City on the Hill
Did you hear of the city on the hill?
Said one old man to the other
It once shined bright and it would be shining still
But they all started turning on each other
You see, the poets thought the dancers were shallow
And the soldiers thought the poets were weak
And the elders saw the young ones as foolish
And the rich man never heard the poor man speak
And one by one, they ran away
With their made-up minds to leave it all behind
And the light began to fade in the city on the hill
The city on the hill
Each one thought that they knew better
But they were different by design
Instead of standing strong together
They let their differences divide
And the world is searching still
But it was the rhythm of the dancers
That gave the poets life
It was the spirit of the poets
That gave the soldiers strength to fight
It was the fire of the young ones
It was the wisdom of the old
It was the story of the poor man
That needed to be told.....
This song is beautiful. What a wondrous picture is painted by the words. I love the message of unity and acceptance. It makes me think of the ministries and friends in my life. Do we rely on each person to build the others up?
I hate to be blunt, but I think it is true. And I contribute to it. You see, I think that so often, when we are in a good place with God, or even when we are not, we think that our way of expressing and living for God is the one right way. We want everyone to see as we see, instead of wanting everyone to see as God sees. I know that I am guilty of this. It is hard to understand others sometimes, even if we are the most understanding person. People with very different ways of worshiping, talking about Jesus, and participating in fellowship are sometimes hard to connect to at first. The quiet people are ignored because people get tired of trying to talk to them, and the loud people are sometimes seen as unapproachable. Little do we realize how much of an impact we could have if the two could work together. And all the other kinds of people too. If our dancers could give our poets life, who could give the soldiers strength, who could protect the young and the old, poor and rich. If the spiritually mature could support the spiritually young, and if the spiritually young could motivate the spiritually mature.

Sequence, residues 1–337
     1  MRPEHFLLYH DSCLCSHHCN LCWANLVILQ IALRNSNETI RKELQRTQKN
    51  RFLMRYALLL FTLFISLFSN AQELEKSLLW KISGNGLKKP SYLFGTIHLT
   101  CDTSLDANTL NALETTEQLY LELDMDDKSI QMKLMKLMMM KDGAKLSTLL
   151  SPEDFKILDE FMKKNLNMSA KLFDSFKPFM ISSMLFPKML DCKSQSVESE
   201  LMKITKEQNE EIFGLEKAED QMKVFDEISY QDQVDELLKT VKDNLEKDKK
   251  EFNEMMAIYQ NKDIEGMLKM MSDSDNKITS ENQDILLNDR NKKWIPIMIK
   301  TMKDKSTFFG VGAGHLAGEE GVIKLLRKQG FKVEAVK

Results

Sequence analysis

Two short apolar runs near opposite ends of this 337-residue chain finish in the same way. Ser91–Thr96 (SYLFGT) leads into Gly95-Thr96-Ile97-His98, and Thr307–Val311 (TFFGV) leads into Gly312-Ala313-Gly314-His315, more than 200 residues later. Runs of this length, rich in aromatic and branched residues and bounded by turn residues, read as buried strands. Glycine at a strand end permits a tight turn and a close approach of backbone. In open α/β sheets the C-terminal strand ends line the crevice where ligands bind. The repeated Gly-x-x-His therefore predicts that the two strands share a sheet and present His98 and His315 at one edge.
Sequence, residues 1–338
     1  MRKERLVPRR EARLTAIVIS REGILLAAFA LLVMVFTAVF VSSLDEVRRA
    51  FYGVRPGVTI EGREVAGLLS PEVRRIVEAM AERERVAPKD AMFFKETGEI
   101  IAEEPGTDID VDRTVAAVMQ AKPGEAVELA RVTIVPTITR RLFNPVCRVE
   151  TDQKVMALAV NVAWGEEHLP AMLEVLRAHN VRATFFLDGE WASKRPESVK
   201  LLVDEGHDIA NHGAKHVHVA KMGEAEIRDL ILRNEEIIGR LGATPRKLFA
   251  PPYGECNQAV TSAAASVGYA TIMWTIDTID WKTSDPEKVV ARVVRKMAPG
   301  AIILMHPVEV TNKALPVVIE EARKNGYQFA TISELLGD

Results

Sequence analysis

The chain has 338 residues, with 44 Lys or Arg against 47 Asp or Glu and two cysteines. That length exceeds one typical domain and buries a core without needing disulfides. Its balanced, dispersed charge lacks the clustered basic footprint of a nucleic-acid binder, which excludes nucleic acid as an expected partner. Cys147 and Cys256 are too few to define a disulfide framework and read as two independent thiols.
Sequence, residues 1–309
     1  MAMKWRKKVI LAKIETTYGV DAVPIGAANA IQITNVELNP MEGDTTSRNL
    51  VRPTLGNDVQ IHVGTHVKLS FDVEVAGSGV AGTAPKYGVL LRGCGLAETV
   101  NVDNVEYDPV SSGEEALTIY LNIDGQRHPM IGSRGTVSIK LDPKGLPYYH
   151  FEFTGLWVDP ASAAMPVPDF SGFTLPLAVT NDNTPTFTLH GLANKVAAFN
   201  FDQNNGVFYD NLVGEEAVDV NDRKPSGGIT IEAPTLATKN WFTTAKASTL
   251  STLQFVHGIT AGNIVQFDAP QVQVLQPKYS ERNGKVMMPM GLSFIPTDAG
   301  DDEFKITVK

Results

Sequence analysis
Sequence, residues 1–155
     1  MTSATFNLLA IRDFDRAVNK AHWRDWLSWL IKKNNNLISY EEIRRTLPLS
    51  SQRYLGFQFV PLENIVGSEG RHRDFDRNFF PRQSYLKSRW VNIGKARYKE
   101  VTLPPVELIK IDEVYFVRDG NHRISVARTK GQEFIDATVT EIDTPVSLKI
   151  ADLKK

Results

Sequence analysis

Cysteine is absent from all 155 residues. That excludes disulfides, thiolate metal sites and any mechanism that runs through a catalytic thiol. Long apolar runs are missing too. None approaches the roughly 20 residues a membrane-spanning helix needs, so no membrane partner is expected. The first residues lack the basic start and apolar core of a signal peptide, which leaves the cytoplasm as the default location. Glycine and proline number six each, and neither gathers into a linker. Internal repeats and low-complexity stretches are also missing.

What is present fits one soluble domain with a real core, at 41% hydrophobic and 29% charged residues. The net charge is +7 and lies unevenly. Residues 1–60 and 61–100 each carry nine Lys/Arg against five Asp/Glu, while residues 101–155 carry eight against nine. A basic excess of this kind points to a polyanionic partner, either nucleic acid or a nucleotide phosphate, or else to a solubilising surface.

As cliche as it sounds, we are like a puzzle. Each piece is different, and fits perfectly into the body of Christ. We all have a unique perspective of God to bring to the church, a unique way to serve God. Oftentimes it can seem very similar on the surface, but at the heart of it, each person's journey is different, so each person's experience of God is a different facet of who He is. And if we pull together we can get a clearer picture of God because we listen to each other, feel with each other and praise God together.
Of course we will not be perfect as the body of Christ until we are called home. But we can work hard to improve the way we are now. We can let God bring us together instead of our style of worship, our personality type and our comfortableness. It isn't easy. Who ever said it would be? But it is beautiful. And as Mark Hall said, "When we pull together and stop talking about what we are against, and a little bit more about what we're for, then we start to see God move."
I want to live in the city on a hill, where the poets and the dancers and the soldiers and all the other folks appreciate how much we rely on each other. Don't you?